This congregation sent a team of 7 on a mission trip to the Appalachian region for a week to insulate a room in the home of a family with whom we built a relationship – this church’s first mission trip in over a decade. This congregation partnered with Miriam’s Kitchen and the National Capital Presbytery to support the Young Adult Volunteer Program and have provided a church home for Mallory. Church finance conversations have been percolating here for 20 years, and this year, the Session intentionally is leading and fostering the finance conversation among us in a new and dynamic way in order to discern how we might be good stewards of God’s gifts. Five seventh and eighth graders began their Confirmation Class this year – embarking on a journey of exploration of their faith and of the faith of this church. On a sadder note, this congregation lost 5 members over the last year. In the midst of the sadness, this congregation celebrated together the gifts of their lives that God bestowed upon us with tender compassion. And, again, pastoral leadership transitions marked this year, as it did in years past, yet the refrain of “God’s steadfast love endures forever” rang through consistently and faithfully this year. This year has been an exciting year and I encourage you also to ponder the year behind us as we prepare for another year ahead. And, I want to encourage you to do so through the lens of our text for this morning.

Our text this morning comes to us from the Gospel of Matthew – our final reading of the Gospel of Matthew for the next 2 years or so. I encourage you to hear these final words that Jesus offers just before the Passion narrative and reflect on how you have experienced the kingdom of God over the past year and how you might into the future.

Let us pray: Gracious and loving God, startle us. Surprise us with your love. Amen.

Matthew 25:31-46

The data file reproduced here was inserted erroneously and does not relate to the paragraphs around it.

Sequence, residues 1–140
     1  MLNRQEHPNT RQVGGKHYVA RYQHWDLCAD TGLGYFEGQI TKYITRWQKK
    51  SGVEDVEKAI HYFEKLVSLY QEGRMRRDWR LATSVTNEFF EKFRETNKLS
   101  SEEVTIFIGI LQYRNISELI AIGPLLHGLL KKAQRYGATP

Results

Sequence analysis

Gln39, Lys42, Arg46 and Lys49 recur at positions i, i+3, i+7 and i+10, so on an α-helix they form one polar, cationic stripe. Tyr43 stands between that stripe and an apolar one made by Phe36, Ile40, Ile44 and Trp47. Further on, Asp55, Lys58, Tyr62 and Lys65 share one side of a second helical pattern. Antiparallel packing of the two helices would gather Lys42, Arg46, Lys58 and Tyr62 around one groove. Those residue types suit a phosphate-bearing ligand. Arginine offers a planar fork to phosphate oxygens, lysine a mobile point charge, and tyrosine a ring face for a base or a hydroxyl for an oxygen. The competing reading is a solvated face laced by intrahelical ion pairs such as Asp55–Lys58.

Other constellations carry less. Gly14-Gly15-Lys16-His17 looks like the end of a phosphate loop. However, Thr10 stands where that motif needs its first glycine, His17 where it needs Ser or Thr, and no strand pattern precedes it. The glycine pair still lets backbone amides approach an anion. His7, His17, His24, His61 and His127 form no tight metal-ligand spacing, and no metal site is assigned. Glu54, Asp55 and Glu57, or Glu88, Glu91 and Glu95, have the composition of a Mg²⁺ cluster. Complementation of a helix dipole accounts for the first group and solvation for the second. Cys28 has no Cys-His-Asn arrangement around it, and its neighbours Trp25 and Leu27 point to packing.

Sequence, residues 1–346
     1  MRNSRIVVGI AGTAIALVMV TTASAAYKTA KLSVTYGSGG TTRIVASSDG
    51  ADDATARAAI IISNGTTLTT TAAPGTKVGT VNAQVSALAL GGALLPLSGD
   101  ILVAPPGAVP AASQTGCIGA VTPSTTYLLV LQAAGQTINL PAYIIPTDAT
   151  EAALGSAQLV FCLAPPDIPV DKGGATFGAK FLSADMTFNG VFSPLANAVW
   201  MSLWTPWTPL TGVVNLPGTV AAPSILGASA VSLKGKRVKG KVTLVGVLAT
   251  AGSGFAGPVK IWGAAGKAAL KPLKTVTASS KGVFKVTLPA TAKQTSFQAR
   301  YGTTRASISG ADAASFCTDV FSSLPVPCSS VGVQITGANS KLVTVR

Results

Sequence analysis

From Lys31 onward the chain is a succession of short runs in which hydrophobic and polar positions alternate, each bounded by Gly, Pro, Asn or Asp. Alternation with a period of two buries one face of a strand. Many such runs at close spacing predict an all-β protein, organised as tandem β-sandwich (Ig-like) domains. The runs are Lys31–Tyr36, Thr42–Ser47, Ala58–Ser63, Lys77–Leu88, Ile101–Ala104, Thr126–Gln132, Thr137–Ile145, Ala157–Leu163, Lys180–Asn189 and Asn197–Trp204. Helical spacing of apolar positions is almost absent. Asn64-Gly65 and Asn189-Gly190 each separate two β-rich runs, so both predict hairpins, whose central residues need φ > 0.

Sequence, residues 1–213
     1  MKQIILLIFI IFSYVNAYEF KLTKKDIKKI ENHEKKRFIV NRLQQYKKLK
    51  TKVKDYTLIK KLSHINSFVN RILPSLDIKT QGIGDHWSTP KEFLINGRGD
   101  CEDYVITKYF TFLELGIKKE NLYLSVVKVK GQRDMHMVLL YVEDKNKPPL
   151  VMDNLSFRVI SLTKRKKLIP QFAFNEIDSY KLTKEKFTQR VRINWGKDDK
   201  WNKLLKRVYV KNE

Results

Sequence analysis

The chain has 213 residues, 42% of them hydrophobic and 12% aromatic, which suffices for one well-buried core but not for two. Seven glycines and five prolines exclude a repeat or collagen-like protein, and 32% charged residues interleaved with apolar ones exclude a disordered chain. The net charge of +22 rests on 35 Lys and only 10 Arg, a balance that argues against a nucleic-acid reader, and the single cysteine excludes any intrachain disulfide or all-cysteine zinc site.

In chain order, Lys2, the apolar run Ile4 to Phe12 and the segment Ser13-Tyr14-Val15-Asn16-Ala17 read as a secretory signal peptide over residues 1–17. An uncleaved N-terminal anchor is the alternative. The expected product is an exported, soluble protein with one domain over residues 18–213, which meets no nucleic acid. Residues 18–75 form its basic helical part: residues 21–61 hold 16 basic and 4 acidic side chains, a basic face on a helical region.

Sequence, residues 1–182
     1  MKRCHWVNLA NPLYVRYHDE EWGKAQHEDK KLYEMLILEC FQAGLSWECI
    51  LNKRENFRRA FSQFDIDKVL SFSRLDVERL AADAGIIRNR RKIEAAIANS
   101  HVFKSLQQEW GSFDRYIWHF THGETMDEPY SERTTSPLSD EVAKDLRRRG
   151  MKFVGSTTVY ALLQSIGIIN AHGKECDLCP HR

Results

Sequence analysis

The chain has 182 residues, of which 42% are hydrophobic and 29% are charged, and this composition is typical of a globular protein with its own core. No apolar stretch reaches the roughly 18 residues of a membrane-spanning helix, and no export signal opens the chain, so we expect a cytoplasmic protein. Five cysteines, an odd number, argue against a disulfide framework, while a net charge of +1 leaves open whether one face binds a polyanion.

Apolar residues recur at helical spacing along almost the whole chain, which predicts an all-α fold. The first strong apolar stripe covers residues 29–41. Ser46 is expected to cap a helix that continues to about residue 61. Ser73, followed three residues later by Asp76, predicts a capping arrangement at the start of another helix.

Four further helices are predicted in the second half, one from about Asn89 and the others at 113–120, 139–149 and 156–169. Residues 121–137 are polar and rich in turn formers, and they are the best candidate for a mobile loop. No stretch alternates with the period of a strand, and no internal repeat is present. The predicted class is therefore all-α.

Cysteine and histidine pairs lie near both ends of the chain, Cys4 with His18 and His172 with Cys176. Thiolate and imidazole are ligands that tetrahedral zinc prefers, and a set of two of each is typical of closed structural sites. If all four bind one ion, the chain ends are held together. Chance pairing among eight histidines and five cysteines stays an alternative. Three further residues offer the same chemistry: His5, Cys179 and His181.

31“When the Son of Man comes in his glory, and all the angels with him, then he will sit on the throne of his glory. 32All the nations will be gathered before him, and he will separate people one from another as a shepherd separates the sheep from the goats, 33and he will put the sheep at his right hand and the goats at the left. 34Then the king will say to those at his right hand, ‘Come, you that are blessed by my Father, inherit the kingdom prepared for you from the foundation of the world; 35for I was hungry and you gave me food, I was thirsty and you gave me something to drink, I was a stranger and you welcomed me, 36I was naked and you gave me clothing, I was sick and you took care of me, I was in prison and you visited me.’ 37Then the righteous will answer him, ‘Lord, when was it that we saw you hungry and gave you food, or thirsty and gave you something to drink? 38And when was it that we saw you a stranger and welcomed you, or naked and gave you clothing? 39And when was it that we saw you sick or in prison and visited you?’ 40And the king will answer them, ‘Truly I tell you, just as you did it to one of the least of these who are members of my family, you did it to me.’ 41Then he will say to those at his left hand, ‘You that are accursed, depart from me into the eternal fire prepared for the devil and his angels; 42for I was hungry and you gave me no food, I was thirsty and you gave me nothing to drink, 43I was a stranger and you did not welcome me, naked and you did not give me clothing, sick and in prison and you did not visit me.’ 44Then they also will answer, ‘Lord, when was it that we saw you hungry or thirsty or a stranger or naked or sick or in prison, and did not take care of you?’ 45Then he will answer them, ‘Truly I tell you, just as you did not do it to one of the least of these, you did not do it to me.’ 46And these will go away into eternal punishment, but the righteous into eternal life.”